Event Recap: Fawn Collab Dinner

Two formidable talents combined on Tuesday, October 3 when Chef de Cuisine Moira Murray and Fawn’s Chef Natalie Rosen showcased their passion for local produce with a spectacular vegetable-forward tasting menu. From the stunning cocktail reception to the intimate five-course dining experience, our team (and lovely guests) are still buzzing about this deliciously divine evening.

It Takes Two (or Three)

Expressing their creativity through local produce was a source of excitement for these two driven female chefs. Collaborating with Chef Rosen was an obvious choice for Chef Murray, as Field Guide — where Chef Rosen spent 9.5 years of her career — has long been a favourite spot. Joining forces, they crafted a menu inspired by the transition of seasons, paying homage to summer through preserved fruits like raspberries and peaches, while incorporating fall ingredients such as carrots and eggplant.

General Manager and Wine Director James Pottie was also a key player throughout the night, selecting spectacular wine pairings to enhance the meal. The mélange of savoury, fresh, and rich dishes let him construct a beautiful balance of local and worldly offerings, including the standout 2001 Marechal Foch from Grand Pré Wines, located in the Gaspereau Valley. Guests opting for the pairings experienced a whole new dimension of flavour.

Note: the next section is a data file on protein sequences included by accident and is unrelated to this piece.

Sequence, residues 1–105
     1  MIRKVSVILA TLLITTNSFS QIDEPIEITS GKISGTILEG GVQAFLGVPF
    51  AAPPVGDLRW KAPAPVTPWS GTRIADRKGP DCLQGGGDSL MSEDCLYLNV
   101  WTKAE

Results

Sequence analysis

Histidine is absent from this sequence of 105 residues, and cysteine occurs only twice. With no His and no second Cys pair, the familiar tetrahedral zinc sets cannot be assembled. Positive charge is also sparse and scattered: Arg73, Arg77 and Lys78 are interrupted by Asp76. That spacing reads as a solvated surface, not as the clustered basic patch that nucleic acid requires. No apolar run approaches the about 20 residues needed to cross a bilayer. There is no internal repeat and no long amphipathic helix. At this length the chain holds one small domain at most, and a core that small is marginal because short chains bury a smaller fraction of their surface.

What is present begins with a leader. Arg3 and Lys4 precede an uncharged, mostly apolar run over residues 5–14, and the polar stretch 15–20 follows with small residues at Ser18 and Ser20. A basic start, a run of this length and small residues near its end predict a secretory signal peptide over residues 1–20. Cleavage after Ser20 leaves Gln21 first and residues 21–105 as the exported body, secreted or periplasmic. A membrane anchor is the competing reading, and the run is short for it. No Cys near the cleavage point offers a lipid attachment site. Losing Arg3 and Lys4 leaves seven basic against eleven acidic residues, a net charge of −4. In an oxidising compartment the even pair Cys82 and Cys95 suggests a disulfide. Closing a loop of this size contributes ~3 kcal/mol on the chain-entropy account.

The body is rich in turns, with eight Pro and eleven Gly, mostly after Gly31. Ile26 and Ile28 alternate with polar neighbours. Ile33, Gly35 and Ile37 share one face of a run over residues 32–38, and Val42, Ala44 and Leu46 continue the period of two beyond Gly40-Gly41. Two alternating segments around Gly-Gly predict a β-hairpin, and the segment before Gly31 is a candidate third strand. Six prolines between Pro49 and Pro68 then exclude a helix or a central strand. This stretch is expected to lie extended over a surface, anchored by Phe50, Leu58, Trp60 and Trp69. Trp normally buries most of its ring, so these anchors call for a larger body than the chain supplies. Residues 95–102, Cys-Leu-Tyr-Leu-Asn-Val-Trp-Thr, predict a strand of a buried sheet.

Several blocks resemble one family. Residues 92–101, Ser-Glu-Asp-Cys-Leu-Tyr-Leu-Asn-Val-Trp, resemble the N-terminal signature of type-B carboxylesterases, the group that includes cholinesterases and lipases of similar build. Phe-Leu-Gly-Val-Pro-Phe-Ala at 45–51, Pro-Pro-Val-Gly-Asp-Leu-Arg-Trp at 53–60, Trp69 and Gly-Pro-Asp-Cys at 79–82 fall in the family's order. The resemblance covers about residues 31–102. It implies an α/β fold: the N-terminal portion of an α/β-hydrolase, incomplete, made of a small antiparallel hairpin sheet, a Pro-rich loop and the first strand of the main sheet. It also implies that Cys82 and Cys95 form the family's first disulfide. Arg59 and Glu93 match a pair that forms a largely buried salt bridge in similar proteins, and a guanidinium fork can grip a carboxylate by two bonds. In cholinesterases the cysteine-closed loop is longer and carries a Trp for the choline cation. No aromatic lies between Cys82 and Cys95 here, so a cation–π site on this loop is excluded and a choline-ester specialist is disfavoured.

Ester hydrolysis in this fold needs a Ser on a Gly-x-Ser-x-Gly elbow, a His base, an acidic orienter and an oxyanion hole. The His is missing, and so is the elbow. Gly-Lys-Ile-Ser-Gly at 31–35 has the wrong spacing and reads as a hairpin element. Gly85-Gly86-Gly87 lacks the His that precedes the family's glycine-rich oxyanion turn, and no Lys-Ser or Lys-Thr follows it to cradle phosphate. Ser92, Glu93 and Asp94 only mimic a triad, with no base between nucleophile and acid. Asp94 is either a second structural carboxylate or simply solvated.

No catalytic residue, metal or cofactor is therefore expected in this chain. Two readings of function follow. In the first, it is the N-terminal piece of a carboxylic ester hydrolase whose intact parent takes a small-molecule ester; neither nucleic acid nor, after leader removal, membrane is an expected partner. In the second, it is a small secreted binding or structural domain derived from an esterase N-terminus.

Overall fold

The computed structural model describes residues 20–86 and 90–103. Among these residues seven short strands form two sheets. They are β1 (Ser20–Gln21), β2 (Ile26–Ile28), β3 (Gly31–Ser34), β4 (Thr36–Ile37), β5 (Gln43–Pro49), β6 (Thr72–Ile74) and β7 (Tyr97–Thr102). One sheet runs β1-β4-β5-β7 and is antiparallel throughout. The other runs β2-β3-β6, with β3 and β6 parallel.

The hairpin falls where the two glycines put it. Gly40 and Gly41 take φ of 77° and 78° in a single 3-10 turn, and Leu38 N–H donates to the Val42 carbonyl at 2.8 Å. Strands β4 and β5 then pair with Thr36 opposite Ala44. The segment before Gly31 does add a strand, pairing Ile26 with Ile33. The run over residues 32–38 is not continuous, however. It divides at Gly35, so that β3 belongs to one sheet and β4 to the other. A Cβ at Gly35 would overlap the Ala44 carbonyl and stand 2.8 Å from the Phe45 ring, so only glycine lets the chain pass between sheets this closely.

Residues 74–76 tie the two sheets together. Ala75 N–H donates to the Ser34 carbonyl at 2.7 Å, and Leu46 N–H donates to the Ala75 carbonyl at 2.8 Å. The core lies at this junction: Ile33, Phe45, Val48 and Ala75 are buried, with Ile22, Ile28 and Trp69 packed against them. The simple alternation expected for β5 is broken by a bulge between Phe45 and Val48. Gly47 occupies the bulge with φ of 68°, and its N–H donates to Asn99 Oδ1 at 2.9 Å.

Prelude to a Feast

The evening began at BKS, Muir Hotel’s luxurious speakeasy. This gem in the sky offered a stunning backdrop of the Halifax harbour as guests enjoyed welcome cocktails and canapés. Outside on the terrace, Chef Rosen played grill master, roasting halves of Hansel eggplant that were filled with chili, sweet pepper, and cashews by Chef Murray and her team. This was just one of four canapés crafted by the two culinary powerhouses, setting the bar high for the remainder of the evening.

Dinner Is Served

Chanterelle Mushroom Parfait

After the cocktail reception, guests flocked to Peacock’s cozy and ambient candlelit nest, eager for the main event to commence. As wine started to pour, our kitchen plated the first dish of the night: a chanterelle mushroom parfait with sweet and tart raspberries, pineapple weed oil, and plums, foraged and preserved by Chef Murray herself. She opted for a traditional parfait concept, replacing chicken liver with lightly roasted chanterelle mushrooms — a fitting starting point for the seasonal theme, as these mushrooms bloom at the end of summer. Chef Murray incorporated a medium-dry white sherry and a local icewine to complement the dish.

Salmon

Next in line was salmon with roe, new potato chips, crème fraîche, and sea buckthorn. This dish, the brainchild of Chef Rosen, was inspired by the small amount of foraged sea buckthorn she found at Green Gardens Farm just a few weeks before the event. Chef Rosen fermented this iconic bush berry and added sweetness with skins of the stone fruit she later incorporated into dessert. Chef Rosen cured sustainable Atlantic salmon for four days with blackberry and fennel, a feathery summer plant found throughout Nova Scotia’s terroir.